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Research Article

Reduction of Malaria Transmission to Anopheles Mosquitoes with a Six-Dose Regimen of Co-Artemether

  • Colin J Sutherland mail,

    To whom correspondence should be addressed. E-mail: colin.sutherland@lshtm.ac.uk

    Affiliation: London School of Hygiene and Tropical Medicine, Immunology Unit and Infectious Diseases Epidemiology Unit, Department of Infectious and Tropical Diseases, United Kingdom

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  • Rosalynn Ord,

    Affiliation: London School of Hygiene and Tropical Medicine, Immunology Unit and Infectious Diseases Epidemiology Unit, Department of Infectious and Tropical Diseases, United Kingdom

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  • Sam Dunyo,

    Affiliation: London School of Hygiene and Tropical Medicine, Immunology Unit and Infectious Diseases Epidemiology Unit, Department of Infectious and Tropical Diseases, United Kingdom

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  • Musa Jawara,

    Affiliation: London School of Hygiene and Tropical Medicine, Immunology Unit and Infectious Diseases Epidemiology Unit, Department of Infectious and Tropical Diseases, United Kingdom

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  • Christopher J Drakeley,

    Affiliation: London School of Hygiene and Tropical Medicine, Immunology Unit and Infectious Diseases Epidemiology Unit, Department of Infectious and Tropical Diseases, United Kingdom

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  • Neal Alexander,

    Affiliation: London School of Hygiene and Tropical Medicine, Immunology Unit and Infectious Diseases Epidemiology Unit, Department of Infectious and Tropical Diseases, United Kingdom

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  • Rosalind Coleman,

    Affiliation: London School of Hygiene and Tropical Medicine, Immunology Unit and Infectious Diseases Epidemiology Unit, Department of Infectious and Tropical Diseases, United Kingdom

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  • Margaret Pinder,

    Affiliation: London School of Hygiene and Tropical Medicine, Immunology Unit and Infectious Diseases Epidemiology Unit, Department of Infectious and Tropical Diseases, United Kingdom

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  • Gijs Walraven,

    Affiliation: London School of Hygiene and Tropical Medicine, Immunology Unit and Infectious Diseases Epidemiology Unit, Department of Infectious and Tropical Diseases, United Kingdom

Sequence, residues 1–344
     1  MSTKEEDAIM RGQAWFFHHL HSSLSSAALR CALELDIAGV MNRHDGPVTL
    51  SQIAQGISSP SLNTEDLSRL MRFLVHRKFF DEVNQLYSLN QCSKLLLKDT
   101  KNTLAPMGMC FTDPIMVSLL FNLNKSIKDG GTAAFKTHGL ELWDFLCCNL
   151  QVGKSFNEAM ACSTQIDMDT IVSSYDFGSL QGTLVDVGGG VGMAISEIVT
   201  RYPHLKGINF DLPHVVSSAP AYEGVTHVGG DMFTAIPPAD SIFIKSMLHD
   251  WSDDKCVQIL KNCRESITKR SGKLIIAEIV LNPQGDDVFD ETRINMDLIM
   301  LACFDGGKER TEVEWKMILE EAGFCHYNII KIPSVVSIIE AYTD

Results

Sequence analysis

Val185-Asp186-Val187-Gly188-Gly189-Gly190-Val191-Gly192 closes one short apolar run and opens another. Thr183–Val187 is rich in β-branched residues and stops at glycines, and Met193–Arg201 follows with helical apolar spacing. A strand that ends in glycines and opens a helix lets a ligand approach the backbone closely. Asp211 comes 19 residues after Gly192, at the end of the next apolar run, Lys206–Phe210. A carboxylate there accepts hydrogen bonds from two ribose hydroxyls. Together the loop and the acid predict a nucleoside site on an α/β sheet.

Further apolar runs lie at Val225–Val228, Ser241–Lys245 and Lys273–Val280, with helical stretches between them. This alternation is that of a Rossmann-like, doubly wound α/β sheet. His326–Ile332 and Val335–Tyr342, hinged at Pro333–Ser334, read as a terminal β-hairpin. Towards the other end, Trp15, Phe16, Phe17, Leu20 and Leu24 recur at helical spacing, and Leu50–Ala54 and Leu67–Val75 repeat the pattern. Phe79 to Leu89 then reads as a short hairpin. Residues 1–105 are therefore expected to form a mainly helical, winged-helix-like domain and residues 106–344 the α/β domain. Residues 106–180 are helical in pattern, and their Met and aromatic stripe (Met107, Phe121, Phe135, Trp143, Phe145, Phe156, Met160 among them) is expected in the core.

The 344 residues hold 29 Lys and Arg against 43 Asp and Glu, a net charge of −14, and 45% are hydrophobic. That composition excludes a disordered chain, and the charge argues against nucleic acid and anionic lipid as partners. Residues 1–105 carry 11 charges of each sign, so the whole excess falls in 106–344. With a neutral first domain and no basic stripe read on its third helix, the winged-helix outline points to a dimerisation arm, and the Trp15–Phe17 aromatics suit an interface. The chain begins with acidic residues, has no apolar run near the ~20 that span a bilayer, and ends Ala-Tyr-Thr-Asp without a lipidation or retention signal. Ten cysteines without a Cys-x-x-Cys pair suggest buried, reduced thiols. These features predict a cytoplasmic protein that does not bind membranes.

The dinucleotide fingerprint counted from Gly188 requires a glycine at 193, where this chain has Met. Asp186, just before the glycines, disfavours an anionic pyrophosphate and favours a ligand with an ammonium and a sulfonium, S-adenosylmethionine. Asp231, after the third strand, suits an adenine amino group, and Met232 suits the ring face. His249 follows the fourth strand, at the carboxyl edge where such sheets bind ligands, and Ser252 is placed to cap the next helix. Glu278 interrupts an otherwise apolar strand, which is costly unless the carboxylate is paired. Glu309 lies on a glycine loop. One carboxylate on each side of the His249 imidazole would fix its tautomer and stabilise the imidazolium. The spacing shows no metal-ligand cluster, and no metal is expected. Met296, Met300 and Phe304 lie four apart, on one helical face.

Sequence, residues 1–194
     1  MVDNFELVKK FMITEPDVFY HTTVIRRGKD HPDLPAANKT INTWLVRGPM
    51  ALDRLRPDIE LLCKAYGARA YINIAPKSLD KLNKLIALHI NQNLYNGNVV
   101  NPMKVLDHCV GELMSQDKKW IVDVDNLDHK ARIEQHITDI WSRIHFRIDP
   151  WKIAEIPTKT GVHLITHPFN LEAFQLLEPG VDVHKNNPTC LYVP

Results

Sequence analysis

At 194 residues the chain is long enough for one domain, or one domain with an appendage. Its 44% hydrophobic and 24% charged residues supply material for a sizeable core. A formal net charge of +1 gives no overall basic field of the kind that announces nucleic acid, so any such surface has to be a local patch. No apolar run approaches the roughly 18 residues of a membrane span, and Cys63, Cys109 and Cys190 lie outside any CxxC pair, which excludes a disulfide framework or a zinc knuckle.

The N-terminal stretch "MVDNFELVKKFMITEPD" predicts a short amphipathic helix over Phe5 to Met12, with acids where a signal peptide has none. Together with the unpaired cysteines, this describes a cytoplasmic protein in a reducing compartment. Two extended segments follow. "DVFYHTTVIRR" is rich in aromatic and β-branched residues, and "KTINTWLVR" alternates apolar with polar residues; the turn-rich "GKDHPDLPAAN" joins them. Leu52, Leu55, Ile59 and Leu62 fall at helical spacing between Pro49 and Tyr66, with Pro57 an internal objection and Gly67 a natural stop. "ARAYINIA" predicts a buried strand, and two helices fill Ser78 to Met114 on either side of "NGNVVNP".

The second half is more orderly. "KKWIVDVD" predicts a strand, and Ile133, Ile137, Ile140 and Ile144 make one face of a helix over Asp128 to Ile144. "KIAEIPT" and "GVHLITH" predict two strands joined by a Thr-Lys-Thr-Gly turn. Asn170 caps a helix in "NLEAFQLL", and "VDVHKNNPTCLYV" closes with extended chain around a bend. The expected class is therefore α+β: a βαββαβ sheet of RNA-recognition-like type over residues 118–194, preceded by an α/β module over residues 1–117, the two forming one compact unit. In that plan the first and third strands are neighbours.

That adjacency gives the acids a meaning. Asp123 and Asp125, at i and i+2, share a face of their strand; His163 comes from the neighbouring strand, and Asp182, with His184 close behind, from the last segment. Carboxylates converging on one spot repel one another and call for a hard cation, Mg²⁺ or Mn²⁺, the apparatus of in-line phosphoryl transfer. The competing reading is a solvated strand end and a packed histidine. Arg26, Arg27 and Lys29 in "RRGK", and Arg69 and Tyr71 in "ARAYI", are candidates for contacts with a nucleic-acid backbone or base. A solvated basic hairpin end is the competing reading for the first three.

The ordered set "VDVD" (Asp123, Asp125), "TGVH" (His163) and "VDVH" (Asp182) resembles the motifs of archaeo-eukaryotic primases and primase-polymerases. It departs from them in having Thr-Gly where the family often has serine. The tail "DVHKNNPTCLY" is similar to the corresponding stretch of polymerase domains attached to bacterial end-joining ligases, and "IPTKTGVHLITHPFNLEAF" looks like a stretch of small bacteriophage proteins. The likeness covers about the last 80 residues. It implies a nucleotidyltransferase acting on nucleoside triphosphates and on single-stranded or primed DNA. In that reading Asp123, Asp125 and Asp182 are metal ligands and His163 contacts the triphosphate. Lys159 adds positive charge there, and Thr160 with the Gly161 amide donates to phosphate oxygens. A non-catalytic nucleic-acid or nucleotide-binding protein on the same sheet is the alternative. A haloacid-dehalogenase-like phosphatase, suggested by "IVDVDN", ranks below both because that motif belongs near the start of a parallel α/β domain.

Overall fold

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  • Geoffrey A. T Targett

    Affiliation: London School of Hygiene and Tropical Medicine, Immunology Unit and Infectious Diseases Epidemiology Unit, Department of Infectious and Tropical Diseases, United Kingdom

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  • Published: April 26, 2005
  • DOI: 10.1371/journal.pmed.0020092

Abstract

Background

Resistance of malaria parasites to chloroquine (CQ) and sulphadoxine-pyrimethamine (SP) is increasing in prevalence in Africa. Combination therapy can both improve treatment and provide important public health benefits if it curbs the spread of parasites harbouring resistance genes. Thus, drug combinations must be identified which minimise gametocyte emergence in treated cases, and so prevent selective transmission of parasites resistant to any of the partner drugs.

Methods and Findings

In a randomised controlled trial, 497 children with uncomplicated falciparum malaria were treated with CQ and SP (three doses and one dose respectively; n = 91), or six doses of artemether in fixed combination with lumefantrine (co-artemether [Coartem, Riamet]) (n = 406). Carriage rates of Plasmodium falciparum gametocytes and trophozoites were measured 7, 14, and 28 d after treatment. The infectiousness of venous blood from 29 children carrying P. falciparum gametocytes 7 d after treatment was tested by membrane-feeding of Anopheles mosquitoes.

Children treated with co-artemether were significantly less likely to carry gametocytes within the 4 weeks following treatment than those receiving CQ/SP (30 of 378 [7.94%] versus 42 of 86 [48.8%]; p < 0.0001). Carriers in the co-artemether group harboured gametocytes at significantly lower densities, for shorter periods (0.3 d versus 4.2 d; p < 0.0001) and were less infectious to mosquitoes at day 7 (p < 0.001) than carriers who had received CQ/SP.